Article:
Both stories show Dublin as a drab, dark, narrow, oppressive place where religion and patriarchal family structures stifle and restrict lives that might otherwise expand and grow. One very much wishes that both of Joyce's protagonists in question could escape their claustrophobic lives and a society that seems to offer them little opportunity for fulfillment.

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Both "Eveline" and "Araby" are included in James Joyce's Dubliners, a work first published in 1914. The stories describe a picture of the turn of the century, after industrialization has set in but before wave of the technological breakthroughs we might take for granted today. Both stories are set amid poverty, focused on themes of disillusionment, as seen from the perspective of characters who hold little agency of their own, at least within the context of their present life in Ireland. One is still a child while the other is a young woman living under the domination of her abusive father.

"Araby" is a story about a young boy's infatuation, as he hopes to impress Mangan's sister by bringing her back a gift from a fair. This is an experience that will end in bitter disappointment for story's protagonist. When reading this story, one might get a sense of disconnection between the protagonist's mental state and the realities of the world around him: while he treats his infatuation in terms almost sacred, he remains the only character that seems aware of those feelings, or to care in the least bit about them. The larger rhythms and interactions of life go on around him, with no one really all that interested in his perspective.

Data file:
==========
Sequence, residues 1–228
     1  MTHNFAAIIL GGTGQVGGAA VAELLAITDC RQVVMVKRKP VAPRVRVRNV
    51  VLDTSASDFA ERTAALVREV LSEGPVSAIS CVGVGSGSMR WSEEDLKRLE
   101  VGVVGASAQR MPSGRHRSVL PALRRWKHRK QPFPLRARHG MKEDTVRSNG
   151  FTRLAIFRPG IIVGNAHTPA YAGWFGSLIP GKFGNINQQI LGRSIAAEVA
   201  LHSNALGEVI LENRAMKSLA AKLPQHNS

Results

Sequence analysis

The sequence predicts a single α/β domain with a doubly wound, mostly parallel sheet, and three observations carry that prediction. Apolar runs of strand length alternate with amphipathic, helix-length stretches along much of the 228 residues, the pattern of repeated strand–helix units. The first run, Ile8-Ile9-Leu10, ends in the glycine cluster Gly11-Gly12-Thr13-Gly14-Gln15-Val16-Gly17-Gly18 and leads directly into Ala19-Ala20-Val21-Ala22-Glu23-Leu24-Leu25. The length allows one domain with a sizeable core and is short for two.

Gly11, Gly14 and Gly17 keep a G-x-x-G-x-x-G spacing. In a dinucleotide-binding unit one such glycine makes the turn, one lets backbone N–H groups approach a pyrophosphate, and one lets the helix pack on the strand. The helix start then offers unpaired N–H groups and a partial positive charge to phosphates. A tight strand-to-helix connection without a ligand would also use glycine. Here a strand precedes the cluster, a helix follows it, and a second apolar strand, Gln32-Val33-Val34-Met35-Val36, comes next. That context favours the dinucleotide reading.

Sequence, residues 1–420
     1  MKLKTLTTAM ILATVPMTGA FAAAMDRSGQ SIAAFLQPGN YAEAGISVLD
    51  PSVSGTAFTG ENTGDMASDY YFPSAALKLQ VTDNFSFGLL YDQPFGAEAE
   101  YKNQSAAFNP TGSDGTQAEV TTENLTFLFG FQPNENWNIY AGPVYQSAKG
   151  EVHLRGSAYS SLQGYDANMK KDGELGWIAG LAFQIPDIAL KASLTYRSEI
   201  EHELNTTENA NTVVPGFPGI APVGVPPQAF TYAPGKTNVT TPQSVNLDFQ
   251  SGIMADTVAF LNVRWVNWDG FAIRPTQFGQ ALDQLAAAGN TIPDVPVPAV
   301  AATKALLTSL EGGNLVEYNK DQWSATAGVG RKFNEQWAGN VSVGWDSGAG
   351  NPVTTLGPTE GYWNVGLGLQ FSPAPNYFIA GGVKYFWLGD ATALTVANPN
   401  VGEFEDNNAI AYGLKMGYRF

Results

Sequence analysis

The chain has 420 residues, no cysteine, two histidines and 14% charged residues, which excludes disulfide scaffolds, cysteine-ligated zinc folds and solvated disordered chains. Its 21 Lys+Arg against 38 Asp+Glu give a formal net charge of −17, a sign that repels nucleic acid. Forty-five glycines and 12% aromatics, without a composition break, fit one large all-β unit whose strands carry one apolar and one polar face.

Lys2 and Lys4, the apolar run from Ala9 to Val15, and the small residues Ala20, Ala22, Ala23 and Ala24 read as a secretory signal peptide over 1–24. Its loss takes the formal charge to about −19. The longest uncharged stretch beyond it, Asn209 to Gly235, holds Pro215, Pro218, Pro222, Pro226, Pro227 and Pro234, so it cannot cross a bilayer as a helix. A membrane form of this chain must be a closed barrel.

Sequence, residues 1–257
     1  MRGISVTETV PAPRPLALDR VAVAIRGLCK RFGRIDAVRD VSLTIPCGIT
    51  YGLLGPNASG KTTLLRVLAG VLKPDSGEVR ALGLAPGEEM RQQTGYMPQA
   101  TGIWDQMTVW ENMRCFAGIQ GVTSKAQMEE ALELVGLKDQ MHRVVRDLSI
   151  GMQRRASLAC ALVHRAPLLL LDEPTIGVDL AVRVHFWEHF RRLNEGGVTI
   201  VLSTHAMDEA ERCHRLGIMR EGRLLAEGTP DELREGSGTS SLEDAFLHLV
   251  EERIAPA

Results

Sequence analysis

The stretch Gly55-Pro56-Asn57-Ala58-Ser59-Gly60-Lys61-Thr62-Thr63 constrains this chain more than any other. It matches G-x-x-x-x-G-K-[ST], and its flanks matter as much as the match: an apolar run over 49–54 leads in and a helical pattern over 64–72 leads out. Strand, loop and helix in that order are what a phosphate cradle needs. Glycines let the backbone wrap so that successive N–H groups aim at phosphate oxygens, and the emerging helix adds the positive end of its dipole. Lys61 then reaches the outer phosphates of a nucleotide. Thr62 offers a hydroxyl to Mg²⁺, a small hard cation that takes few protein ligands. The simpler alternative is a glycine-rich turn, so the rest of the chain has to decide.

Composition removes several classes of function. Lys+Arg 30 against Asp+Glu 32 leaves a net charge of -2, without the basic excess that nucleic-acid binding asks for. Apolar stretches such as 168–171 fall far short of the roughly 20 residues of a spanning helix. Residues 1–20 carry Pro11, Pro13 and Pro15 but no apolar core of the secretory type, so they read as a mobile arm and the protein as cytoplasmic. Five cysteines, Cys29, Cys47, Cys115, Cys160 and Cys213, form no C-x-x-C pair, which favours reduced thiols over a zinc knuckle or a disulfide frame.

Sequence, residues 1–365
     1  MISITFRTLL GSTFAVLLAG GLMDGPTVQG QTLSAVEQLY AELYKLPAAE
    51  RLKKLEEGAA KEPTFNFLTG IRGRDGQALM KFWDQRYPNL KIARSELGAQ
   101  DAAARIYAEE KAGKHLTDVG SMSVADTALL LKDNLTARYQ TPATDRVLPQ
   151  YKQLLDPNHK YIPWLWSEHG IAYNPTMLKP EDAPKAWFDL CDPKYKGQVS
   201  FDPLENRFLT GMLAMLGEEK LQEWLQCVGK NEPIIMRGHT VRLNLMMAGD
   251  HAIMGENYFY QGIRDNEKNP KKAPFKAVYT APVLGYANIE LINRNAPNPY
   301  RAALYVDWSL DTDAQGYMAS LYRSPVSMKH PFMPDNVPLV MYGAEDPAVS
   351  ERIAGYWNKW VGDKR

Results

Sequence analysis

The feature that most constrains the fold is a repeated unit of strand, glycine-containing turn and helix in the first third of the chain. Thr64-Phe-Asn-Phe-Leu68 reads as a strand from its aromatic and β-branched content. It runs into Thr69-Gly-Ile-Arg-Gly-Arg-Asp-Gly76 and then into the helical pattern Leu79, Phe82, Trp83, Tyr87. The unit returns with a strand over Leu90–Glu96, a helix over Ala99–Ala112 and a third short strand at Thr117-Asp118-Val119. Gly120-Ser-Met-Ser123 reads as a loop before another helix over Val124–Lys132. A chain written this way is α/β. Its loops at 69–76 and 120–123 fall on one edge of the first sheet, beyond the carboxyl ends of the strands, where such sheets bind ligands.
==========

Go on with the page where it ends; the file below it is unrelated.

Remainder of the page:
"Eveline," on the other hand, tells a story about total paralysis, from the perspective of a young woman who must make a choice about her future: namely, whether to leave Ireland altogether in the hope of a better life, or to remain where she is: in the comfort of the familiar. Her present life is described as a picture of misery, living under the domination of her drunken, abusive father. In this story, she has an opportunity to escape that dismal life, through marriage to Frank, but she finds, at the story's ending, herself in a state of paralysis, unable to take that step.

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In "Araby," an interesting cultural element is revealed. School students seem to have attended school on Saturday:

On Saturday morning I reminded my uncle that I wished to go to the bazaarI left the house in bad humour and walked slowly towards the school.

Additionally, schoolboys seem to be ignored in shopping districts, if the behavior of the sealesgirl at the bazar may be taken as a generalized illustration: